The Last Horror Movie
Pre-YouTube Murder vlogs. Meta-nods to psycho-cinema. Serial killing for your entertainment. There are about a handful of good jokes folded in the mix of “The Last Horror Movie”—not to be confused with David Winters’ “The Last Horror Film”, released in 1982—in which a serial killer films his violent exploits. But perhaps the most obvious, is that one doesn’t need to go to Cannes to become filmmakers. True enough, Max (Kevin Howarth), shoots a series of serial killings he himself has perpetrated, in a vein that’s markedly MTV or Neistat-like. Though not spick and span perfect, it adds interesting points to cinema’s ever-enduring discussion about voyeurism and violence.
The Taking Of Deborah Logan
A searing possession horror-drama packaged in faux-doc form, “The Taking of Deborah Logan” is an often overlooked found-footage gem about an elder with Alzheimer’s disease. The film, in the whole, is an adequately spooky—and often spine-tinglingly so—but when it crawls out of the “is she really just senile or is she right about this haunted house” dialogue that cooks in its center, it hits a resonant note. Somewhere in its shock-filled denouement, we’re given a portrait of a hardened woman from whom life took much away from. The rear-most third of this movie is engrossing stuff.
“Spring” kicks off, among other things, with a cute-meet: Think how Ethan Hawke’s Jesse met the love of his life on a train ride in Paris in Richard Linklater’s Before Sunset. Evan (Lou Taylor Pucci) meets his too, except that Louise (Nadia Hilker), a woman whom he meets in Italy, has an unearthly secret she longs to unspool…for the right guy. It’s at this point that that metamorphoses an ostensibly serendipitous moment into an impending nightmare, expertly transformed at the hands of filmmaking partners Aaron Moorhead and Justin Benson. What follows is just a delightful, jab-at-the-jugular, genre-bending mind-fuckery.
Much has been said about “Lake Mungo”, an effective, haunting, and eerily lifelike introspection of grief and bereavement. The film, as is de rigueur with other found-footage films, is grounded on some form of familiarity—in this case, it’s the Dateline doc, amply intriguing stories with real people facing its consequences but are ultimately commoditized. Suffice it to say, it works. On a far deeper level as an unsuspecting viewer such as this writer would expect. Though not, in its strictest sense, a horror movie with shocks and scares, the terror of “Lake Mungo” creeps long after the credits roll.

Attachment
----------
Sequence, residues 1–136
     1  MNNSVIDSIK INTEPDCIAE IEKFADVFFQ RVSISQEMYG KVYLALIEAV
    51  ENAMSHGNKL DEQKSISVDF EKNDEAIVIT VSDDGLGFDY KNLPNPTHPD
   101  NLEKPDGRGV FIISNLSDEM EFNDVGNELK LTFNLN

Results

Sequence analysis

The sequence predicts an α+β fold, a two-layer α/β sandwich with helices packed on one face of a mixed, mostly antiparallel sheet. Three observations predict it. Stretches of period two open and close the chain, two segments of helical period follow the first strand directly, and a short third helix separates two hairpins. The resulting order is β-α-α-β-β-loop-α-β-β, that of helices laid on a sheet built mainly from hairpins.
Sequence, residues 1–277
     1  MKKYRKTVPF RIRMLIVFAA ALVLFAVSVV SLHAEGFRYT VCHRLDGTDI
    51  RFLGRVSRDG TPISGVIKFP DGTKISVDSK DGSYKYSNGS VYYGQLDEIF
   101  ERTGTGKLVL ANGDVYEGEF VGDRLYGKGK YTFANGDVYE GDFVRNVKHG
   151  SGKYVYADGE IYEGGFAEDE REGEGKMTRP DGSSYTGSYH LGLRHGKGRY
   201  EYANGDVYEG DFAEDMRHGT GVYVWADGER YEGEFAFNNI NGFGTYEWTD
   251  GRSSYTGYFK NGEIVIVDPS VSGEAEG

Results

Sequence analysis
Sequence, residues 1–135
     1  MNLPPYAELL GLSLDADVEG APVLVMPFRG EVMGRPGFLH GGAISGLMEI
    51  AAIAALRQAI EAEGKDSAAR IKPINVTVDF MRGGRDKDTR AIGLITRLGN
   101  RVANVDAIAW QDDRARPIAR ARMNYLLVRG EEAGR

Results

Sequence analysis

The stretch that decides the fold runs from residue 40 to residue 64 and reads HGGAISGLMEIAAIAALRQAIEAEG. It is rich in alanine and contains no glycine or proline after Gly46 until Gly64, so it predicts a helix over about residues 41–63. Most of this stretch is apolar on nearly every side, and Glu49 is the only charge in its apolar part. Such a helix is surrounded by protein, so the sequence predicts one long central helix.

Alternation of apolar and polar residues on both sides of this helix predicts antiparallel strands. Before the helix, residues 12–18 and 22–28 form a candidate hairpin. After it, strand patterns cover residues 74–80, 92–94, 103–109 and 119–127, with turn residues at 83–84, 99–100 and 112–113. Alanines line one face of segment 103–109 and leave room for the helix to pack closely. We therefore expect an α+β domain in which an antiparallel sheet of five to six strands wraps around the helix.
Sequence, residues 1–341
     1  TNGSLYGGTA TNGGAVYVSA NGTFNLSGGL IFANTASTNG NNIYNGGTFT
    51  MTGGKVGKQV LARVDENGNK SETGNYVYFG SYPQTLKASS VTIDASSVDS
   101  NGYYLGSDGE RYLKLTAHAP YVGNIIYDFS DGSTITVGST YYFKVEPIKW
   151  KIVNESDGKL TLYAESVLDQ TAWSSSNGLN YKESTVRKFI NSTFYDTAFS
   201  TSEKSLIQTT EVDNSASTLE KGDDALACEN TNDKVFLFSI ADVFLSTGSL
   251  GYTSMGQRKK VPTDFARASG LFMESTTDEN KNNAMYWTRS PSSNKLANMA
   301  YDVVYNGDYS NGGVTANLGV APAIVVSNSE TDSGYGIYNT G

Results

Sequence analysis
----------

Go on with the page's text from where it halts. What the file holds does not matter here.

Found-footage is ripe for commentary on sensationalism, but few have made one with so knotted a cynicism as Sherad Sanchez’s “Salvage”. The film follows an investigative news crew led by a crass young producer, Melay (Jessy Mendiola), out on a report about asuangs—vampiric creatures in Philippine folklore—dwelling in the dark of a secluded Cagayan de Oro town. In its tense-filled first half, the film prances on with the typical pursuit-of-”the truth” motivation, which puts Melay & Co. in ineffably perilous situations. But when the military gets involved by the film’s better half, things take an aural turn, with Sanchez using every aspect of digital glitch and filmmaking wizardry to paint a transcendental final act that turns the film’s seemingly commonplace plot on its head.
Man Bites Dog
This 1992 classic confronts cinematic voyeurism with nowhere near the viscerality and intimacy as the whole of its 95 minutes. Jointly directed by Rémy Belvaux, André Bonzel, and Benoît Poelvoorde, “Man Bites Dog” has a group of documentarians tail the daily misdeeds of Ben (Poelvoorde), a gut-slashing delinquent who thinks he’s doing society a solid by selectively killing off people. The hook lies in Ben’s irrefutably charismatic demeanor; after each murder we see the filmmakers turn from detached observers to willing participators. It’s a spellbinding watch, a seminal work that’s now imprinted in the minds of our best transgressive directors, including Quentin Tarantino, who lends his screenplay for “Natural Born Killers” to this brilliant piece of found-footage.
A handful of other great found-footage horrors you’d best consider adding to your queue: “Noroi”, a lo-fi horror centered around an ancient demon in Japan; “The Visit”, M. Night Shyamalan’s bona fide spookfest about deranged grandparents; “Trollhunter”, a stirring Norwegian thriller centered around a mythical creature; “V/H/S”, a five-part short film collection that ushered the genre to the mainstream; and “Unfriended”, a techno-shocker that features a haunted Facebook account.
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Which of your favorite movies didn’t make the cut in our best found-footage horror list? Chime in the comments section, and let’s discuss.